“We need to learn more about them to be able to test the two competing theories of how they evolved.”

All of this work begins, of course, with figuring out where those quarries are. Like the layers of sediment in the earth that contain clues to the past, it’s a mystery within a mystery.

Where The Dinosaurs Were: A Saskatchewan Field Trip

Treasure Hunt for Dinosaur Quarries

When amateur fossil hounds and paleontologists came across dinosaur bones poking out of the eroded slopes of Saskatchewan’s coulees in the early 1900s, they didn’t always document the exact geographic coordinates, nor the position of the bones within the geological column.

Mat RolosonBy reading land descriptions from historic field notes, Roloson and Mallon were able to come up with basic GPS coordinates to start their search. They’d put an X on a topographic map and go have a look.

Once on the ground they were able to refine their search by holding up and matching old field photos to the horizon. They knew they had located a century-old quarry by certain telltale signs, including holes in the sides of hills, plaster that was used to encase fossils and pieces of wood from the crates built to transport the heavy fossilized dinosaur discoveries.

“It’s quite like a treasure hunt, trying to use old photos and the scribbled field notes of long-dead paleontologists to locate these forgotten quarries,” says Mallon.

“This was Mat’s first time in the field,” he continues. “As with any new student, it took him a few days to adjust, but he got there. It takes time to strengthen the lungs and develop those calluses.”

With the help of a Parks Canada ranger with a metal detector — some of the work took place within Grasslands National Park — Mallon and Roloson found a rusty key from the lid of what may have been a tin of sardines: somebody’s lunch more than two kilometres from the closest road.

“It’s possible that nobody has been there since,” says Roloson, adding that it takes a lot of work to locate these quarries, “and a lot of luck as well.”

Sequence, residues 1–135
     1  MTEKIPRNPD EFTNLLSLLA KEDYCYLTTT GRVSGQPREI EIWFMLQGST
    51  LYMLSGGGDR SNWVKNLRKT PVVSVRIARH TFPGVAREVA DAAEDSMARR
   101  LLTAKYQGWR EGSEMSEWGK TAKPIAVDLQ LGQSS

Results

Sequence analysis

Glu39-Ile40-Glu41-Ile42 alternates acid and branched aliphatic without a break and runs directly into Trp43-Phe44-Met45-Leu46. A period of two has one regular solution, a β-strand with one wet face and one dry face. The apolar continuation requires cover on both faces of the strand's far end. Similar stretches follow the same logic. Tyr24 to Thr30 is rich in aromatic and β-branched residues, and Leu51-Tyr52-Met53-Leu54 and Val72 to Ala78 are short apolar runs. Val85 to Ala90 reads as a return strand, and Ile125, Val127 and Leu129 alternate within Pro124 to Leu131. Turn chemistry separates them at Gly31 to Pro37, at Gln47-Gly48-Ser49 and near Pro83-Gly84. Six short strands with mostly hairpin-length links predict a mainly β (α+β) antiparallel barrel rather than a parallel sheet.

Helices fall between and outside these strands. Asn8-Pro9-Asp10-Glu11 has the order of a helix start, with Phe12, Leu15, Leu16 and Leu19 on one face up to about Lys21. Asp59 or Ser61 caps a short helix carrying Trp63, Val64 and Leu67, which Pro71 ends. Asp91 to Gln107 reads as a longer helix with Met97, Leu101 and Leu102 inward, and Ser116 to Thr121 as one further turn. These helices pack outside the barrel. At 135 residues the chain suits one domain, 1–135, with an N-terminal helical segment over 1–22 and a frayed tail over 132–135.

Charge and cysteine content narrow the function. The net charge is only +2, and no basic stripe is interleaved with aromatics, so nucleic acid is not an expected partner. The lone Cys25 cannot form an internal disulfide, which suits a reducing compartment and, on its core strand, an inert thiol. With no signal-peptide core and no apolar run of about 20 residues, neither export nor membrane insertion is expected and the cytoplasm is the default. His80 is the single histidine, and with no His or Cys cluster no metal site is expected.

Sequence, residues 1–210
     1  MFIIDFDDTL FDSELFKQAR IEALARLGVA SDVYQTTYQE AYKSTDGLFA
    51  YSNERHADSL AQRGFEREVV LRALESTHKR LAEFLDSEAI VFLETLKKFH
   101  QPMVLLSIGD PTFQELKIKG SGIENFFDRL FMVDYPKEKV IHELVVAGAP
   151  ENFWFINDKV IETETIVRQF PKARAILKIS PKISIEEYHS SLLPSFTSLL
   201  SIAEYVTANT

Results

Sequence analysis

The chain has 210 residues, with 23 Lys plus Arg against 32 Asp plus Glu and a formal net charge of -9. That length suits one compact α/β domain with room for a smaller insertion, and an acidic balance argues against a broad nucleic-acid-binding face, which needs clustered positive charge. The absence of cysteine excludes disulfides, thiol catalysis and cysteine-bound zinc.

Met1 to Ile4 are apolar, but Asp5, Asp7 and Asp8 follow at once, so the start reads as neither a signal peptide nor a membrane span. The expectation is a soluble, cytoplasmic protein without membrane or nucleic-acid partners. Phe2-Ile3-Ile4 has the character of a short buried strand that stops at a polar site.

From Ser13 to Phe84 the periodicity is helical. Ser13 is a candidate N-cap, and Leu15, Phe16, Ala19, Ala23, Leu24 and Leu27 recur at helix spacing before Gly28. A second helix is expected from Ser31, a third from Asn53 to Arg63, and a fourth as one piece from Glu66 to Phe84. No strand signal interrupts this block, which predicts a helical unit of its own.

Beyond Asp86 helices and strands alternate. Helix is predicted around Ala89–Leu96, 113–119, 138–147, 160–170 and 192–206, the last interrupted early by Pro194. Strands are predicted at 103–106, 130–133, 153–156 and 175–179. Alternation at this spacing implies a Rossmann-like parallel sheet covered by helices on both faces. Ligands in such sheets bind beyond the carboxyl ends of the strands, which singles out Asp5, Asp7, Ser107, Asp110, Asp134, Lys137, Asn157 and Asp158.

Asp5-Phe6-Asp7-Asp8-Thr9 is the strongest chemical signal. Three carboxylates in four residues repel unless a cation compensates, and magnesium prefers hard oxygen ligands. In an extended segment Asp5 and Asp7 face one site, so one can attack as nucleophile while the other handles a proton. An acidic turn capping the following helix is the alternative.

Where The Dinosaurs Were: A Saskatchewan Field Trip

3D Modelling Helps Complete the Puzzle

Back in Ottawa, Roloson is immersed in “skull morphology” — more detective work — as he learns how the shapes of Triceratops skulls up to two metres long changed over time.

Roloson’s master’s thesis, which he is hoping to finish by the summer, explores how Triceratops evolution proceeded within Canada.

“Every student has his or her strengths and brings something different to their research,” says Mallon, explaining how Roloson makes 3D digital models of the skulls.

“In Mat’s case, he’s got a knack for artistry, and his aptitude for 3D computer modelling is exceptional. He’s been nice enough to host a workshop along these lines for the rest of my lab. It’s always great to see your students sharing their talents with one another.”

At the end of the Cretaceous Period, around 66 millions years ago, Triceratops were among the most abundant dinosaurs, so they make an ideal study group for learning about how dinosaurs were evolving in the lead-up to their final extinction.

“The questions present themselves over time,” Roloson says about his research.

“It’s not always about the species or the specimen you’re studying — it’s the questions and ideas that emerge.”

Where The Dinosaurs Were: A Saskatchewan Field Trip

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Tuesday, January 26, 2021 in ,